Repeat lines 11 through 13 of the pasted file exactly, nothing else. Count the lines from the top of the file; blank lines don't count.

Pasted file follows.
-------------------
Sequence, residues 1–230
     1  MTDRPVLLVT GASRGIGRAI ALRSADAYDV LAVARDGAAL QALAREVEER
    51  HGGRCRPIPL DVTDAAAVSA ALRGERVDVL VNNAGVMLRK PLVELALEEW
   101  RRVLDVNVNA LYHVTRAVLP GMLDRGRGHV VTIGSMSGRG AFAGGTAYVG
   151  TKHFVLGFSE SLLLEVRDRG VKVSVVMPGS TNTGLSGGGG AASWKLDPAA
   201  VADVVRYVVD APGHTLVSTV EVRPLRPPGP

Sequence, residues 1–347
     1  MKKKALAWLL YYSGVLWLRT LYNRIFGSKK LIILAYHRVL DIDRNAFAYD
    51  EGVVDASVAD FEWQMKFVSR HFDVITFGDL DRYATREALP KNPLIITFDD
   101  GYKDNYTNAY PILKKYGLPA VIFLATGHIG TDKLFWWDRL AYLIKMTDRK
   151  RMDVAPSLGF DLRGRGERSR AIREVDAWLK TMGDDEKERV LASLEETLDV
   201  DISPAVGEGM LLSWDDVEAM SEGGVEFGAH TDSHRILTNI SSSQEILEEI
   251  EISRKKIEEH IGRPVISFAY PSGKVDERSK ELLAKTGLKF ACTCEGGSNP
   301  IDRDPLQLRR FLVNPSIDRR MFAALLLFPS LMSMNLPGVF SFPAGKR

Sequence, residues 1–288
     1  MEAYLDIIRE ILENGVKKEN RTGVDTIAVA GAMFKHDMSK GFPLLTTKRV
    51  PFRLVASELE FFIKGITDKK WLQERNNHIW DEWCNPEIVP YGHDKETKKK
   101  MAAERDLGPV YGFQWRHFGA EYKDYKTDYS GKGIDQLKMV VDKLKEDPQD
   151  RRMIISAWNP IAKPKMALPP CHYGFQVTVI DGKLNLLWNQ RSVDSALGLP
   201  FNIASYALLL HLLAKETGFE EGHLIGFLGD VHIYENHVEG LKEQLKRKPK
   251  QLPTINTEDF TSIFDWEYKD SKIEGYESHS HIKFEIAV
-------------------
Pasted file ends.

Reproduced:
   151  RMDVAPSLGF DLRGRGERSR AIREVDAWLK TMGDDEKERV LASLEETLDV
   201  DISPAVGEGM LLSWDDVEAM SEGGVEFGAH TDSHRILTNI SSSQEILEEI
   251  EISRKKIEEH IGRPVISFAY PSGKVDERSK ELLAKTGLKF ACTCEGGSNP